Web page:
Although learning languages has always been a serious, life-long love of his, he has never given in to one-sided obsession with language learning, but rather always kept it in balanced proportion to his other activities, and he is a much published poet who spends as much time creating literature as he does reading it.
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Senior Member
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Speaks: English*
Studies: Spanish, French

 Message 2 of 18
01 April 2005 at 9:13am | IP Logged 
Ah so Arguelles is a name of Spanish origin, and not French (as I incorrectly guessed).

Nice continuation to your bio Ardaschir, call me sentimental, but have you ever thought of collaborating with your father and writing an indepth book together on a language and/or language family? (a father-son project of which I am sure you would both love doing)

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United Kingdom
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 Message 3 of 18
01 April 2005 at 5:09pm | IP Logged 
Then the original Spanish spelling of your family name must be Argüelles (ar/goo/E/yes), right?

Edited by jradetzky on 01 April 2005 at 5:10pm

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 Message 4 of 18
02 April 2005 at 1:10am | IP Logged 
That's how the name occurs on the books :)

Ardaschir, I'd love to hear whether the wife (i.e. your mother in this case) had any effect on the learning languages.
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United States
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 Message 5 of 18
03 April 2005 at 7:23am | IP Logged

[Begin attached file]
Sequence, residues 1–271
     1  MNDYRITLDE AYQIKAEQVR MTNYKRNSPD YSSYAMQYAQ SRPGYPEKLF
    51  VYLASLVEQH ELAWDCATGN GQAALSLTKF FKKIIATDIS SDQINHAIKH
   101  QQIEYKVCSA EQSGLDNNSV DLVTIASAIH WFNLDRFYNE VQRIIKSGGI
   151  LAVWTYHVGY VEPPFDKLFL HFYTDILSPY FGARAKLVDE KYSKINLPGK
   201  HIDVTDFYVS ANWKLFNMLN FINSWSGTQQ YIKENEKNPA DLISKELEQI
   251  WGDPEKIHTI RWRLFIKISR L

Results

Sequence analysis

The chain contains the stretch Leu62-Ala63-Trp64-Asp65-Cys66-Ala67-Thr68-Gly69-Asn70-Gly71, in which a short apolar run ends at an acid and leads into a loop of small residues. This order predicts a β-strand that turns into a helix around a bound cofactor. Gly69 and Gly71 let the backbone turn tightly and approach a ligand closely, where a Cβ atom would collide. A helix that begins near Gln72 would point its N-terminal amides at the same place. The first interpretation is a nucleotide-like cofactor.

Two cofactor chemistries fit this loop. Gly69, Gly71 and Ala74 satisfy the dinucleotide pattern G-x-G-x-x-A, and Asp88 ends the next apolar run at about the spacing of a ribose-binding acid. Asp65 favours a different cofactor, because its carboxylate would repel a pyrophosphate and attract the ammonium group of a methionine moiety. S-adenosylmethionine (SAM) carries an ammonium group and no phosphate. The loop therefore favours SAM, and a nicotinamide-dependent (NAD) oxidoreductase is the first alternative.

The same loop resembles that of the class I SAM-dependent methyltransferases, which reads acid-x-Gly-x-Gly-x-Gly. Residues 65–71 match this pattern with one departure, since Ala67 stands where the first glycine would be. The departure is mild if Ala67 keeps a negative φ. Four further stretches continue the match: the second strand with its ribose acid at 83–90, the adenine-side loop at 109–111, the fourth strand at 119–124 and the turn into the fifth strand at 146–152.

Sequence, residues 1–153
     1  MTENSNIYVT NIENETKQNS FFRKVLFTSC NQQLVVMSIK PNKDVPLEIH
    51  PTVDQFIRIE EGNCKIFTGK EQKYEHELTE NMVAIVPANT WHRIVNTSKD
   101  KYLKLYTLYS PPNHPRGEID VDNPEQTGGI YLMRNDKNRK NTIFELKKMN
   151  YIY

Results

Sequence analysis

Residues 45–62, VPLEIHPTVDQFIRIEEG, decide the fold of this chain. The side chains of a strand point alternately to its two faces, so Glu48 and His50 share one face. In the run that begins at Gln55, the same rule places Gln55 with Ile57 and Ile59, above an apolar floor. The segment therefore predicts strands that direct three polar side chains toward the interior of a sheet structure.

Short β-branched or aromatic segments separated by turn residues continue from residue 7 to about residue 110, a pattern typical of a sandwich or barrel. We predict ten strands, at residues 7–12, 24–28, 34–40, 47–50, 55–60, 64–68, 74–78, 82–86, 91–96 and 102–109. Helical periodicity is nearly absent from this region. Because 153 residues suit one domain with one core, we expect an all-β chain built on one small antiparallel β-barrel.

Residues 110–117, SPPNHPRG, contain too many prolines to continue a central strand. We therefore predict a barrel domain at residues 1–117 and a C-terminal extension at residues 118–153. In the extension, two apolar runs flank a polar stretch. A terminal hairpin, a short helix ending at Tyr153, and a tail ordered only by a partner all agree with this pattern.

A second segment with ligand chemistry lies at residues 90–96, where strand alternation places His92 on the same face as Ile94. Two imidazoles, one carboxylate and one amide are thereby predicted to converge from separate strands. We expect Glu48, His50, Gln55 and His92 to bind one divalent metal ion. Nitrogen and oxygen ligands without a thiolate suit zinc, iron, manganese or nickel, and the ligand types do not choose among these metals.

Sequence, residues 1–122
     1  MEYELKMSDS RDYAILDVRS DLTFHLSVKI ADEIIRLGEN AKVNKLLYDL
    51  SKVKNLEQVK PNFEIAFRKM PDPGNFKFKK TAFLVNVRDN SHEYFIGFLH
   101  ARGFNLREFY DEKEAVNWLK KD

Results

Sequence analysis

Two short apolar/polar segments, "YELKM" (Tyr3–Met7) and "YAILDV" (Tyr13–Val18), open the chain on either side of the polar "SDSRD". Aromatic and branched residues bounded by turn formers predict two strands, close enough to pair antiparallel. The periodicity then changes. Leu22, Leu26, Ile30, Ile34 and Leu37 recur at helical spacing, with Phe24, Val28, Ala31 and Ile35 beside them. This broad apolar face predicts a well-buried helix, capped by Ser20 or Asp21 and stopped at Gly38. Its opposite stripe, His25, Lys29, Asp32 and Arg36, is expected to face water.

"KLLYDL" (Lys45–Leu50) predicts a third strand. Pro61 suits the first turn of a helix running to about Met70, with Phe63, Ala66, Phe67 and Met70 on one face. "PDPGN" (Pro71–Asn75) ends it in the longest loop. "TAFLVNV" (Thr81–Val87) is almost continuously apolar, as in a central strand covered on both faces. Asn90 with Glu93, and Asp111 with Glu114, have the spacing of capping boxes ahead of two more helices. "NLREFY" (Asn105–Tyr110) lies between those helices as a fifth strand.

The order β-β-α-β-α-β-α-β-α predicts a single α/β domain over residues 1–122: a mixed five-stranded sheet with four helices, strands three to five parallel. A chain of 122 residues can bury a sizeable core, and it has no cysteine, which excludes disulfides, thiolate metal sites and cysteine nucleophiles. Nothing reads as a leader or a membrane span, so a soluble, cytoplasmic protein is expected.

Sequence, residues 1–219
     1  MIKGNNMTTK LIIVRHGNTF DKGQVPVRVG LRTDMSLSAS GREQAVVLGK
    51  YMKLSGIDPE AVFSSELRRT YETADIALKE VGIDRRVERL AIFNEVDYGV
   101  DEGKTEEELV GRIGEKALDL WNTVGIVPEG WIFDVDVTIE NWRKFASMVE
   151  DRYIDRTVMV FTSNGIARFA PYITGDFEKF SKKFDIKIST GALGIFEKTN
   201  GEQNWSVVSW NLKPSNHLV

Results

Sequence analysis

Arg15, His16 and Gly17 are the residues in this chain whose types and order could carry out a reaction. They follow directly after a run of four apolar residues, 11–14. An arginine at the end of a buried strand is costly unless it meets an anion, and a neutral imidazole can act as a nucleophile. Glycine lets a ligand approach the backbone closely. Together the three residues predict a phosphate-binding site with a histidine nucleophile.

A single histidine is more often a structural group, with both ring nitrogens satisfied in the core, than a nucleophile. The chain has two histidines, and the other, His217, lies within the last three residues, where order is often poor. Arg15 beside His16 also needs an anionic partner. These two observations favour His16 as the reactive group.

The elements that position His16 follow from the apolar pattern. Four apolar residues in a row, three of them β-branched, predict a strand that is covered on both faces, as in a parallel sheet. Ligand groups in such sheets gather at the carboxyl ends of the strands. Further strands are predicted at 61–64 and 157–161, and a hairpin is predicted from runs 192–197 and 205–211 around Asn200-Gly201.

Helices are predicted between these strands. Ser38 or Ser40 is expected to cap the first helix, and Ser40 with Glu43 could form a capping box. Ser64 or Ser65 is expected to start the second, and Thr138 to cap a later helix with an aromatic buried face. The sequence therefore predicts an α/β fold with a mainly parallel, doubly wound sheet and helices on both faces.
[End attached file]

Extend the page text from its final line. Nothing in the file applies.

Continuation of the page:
Yes, the original spelling of the family name is Argüelles, and I do tend to spell it that way on publications and official forms. However, in an English language context, it is usually far more trouble than it is worth, as I have to explain it every single time, and still it often gets transformed into Argiielles, so I tend to use a plain u.

I have written a detailed book on language learning and polyglottery and I am in the process of editing it. When I have gone through it, I will ask my father to go over it, adding as much as he pleases.

My mother has always encouraged both my father's and my own language learning and been very proud of it, but I do not believe she had any direct influence on either of us as she knows nothing but English.

I forgot to mention an interesting fact about my father that seems to argue strongly that language learning is far more effort than gift. He has an identical twin brother who is not a polyglot. I believe they were very competitive early in life and so decided to divide their fields of interest: my father took languages and literature, my uncle, music and art. My uncle has had a very interesting and creative career of his own, first as a professor of art history, then as a new age guru, but though he has travelled around the world many times, I believe he has successfully forgotten all his German, his Spanish has gotten bad, and the only other language he ever picked up along the way is French.
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 Message 6 of 18
03 April 2005 at 9:56am | IP Logged 
I'd like to thank you for this highly interesting account of a modern age polyglot and, I hope, the start of a lineage of polyglots!
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United States
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 Message 7 of 18
04 April 2005 at 8:03am | IP Logged 
Credit for starting a lineage has to go to my maternal grandmother. That I should turn out as I have is really not surprising given that this man is my father. That a trilingual child with a competitive identical twin who took the performing arts should have delved into the language arts is also not so strange. However, what could have made a Minnesota farm girl in the 1920’s decide that she wanted to devote her life to the Spanish language? That’s what started it all. And where will it end? I must confess that I do have grand plans for my sons. My first born is already equally proficient in Korean, English, and French, and he is starting to pick up some Arabic, and he is only two years and three months old.
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 Message 8 of 18
14 June 2005 at 6:33pm | IP Logged 
Near where I live in Asturias, Spain, there is a village in the county of Siero called Argüelles.This name is very common around here

Edited by Astur on 14 June 2005 at 6:34pm